Her enthusiasm for the so-called “trackways” was shared by Robert Schlader, manager of the Idaho Virtual Lab at ISU’s museum. He was busy setting up sophisticated 3-D imaging equipment with two graduate students.

Schlader explained how the equipment uses lasers and a rotating mirror to create a three-dimensional image of the walkway.

“It’s essentially doing the same thing as policeman’s radar gun, except instead of measuring speed it measures distance,” Schlader said.

The grad students set up white balls along both sides of the walkway to serve as targets. Once the equipment has gathered all the data, Schlader will take it back to his lab and use it to create a virtual environment as it existed 20,000 or more years ago when the ancient animals were making tracks to the water’s edge.

“Our big goal today is to try to capture and document as much as possible of this,” Thompson said. “The trackways tell us a lot more about what the animals were doing,” Thompson said. “We’ll be at this for several days.”

And those several days of field work will translate into a more accurate glimpse of life in Southeast Idaho when a lava flow blocked the Snake River at American Falls and formed a large inland lake long, long before modern engineers did the same for irrigation.

Japanese-American internment camp discovery

This video from the USA says about itself:

1 July 2013

Footage of the first week of the Kooskia Internment Camp Archaeological Project Field School: June 22-29.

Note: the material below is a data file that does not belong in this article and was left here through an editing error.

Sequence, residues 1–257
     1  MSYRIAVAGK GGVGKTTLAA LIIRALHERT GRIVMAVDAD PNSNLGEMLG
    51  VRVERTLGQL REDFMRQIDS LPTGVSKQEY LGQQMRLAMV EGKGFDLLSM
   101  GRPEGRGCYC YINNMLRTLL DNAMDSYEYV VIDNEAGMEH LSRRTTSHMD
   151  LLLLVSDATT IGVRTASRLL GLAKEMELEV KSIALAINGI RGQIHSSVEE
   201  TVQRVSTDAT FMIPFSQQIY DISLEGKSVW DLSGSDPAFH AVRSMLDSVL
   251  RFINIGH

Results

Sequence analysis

From Associated Press in the USA:

Kooskia Internment Camp Discovered In Mountains Of Idaho


Deep in the mountains of northern Idaho, miles from the nearest town, lies evidence of a little-known portion of a shameful chapter of American history.

There are no buildings, signs or markers to indicate what happened at the site 70 years ago, but researchers sifting through the dirt have found broken porcelain, old medicine bottles and lost artwork identifying the location of the first internment camp where the U.S. government used people of Japanese ancestry as a workforce during World War II.

Today, a team of researchers from the University of Idaho wants to make sure the Kooskia Internment Camp isn’t forgotten to history.

“We want people to know what happened, and make sure we don’t repeat the past,” said anthropology professor Stacey Camp, who is leading the research.

It’s an important mission, said Charlene Mano-Shen of the Wing Luke Museum of the Asian Pacific American Experience in Seattle.

Mano-Shen said her grandfather was forced into a camp near Missoula, Mont., during WWII, and some of the nation’s responses to the terrorist attacks of Sept. 11 evoked memories of the Japanese internments. Muslims, she said Thursday, “have been put on FBI lists and detained in the same way my grandfather was.”

After the surprise attack on Pearl Harbor plunged the nation into the second world war, about 120,000 people of Japanese heritage who lived on the West Coast were sent to internment camps. Nearly two-thirds were American citizens, and many were children. In many cases, people lost everything they had worked for in the U.S. and were sent to prison camps in remote locations with harsh climates.

Research such as the archaeological work underway at Kooskia (KOO’-ski) is vital to remembering what happened, said Janis Wong, director of communications for the Japanese American National Museum in Los Angeles.

People need to be able “to physically see and visit the actual camp locations,” Wong said.

Giant sites where thousands of people were held – such as Manzanar in California, Heart Mountain in Wyoming and Minidoka in Idaho – are well-known. But Camp said even many local residents knew little about the tiny Kooskia camp, which operated from 1943 to the end of the war and held more than 250 detainees about 30 miles east of its namesake small town, and about 150 miles southeast of Spokane, Wash.

The camp was the first place where the government used detainees as a labor crew, putting them into service doing road work on U.S. Highway 12, through the area’s rugged mountains.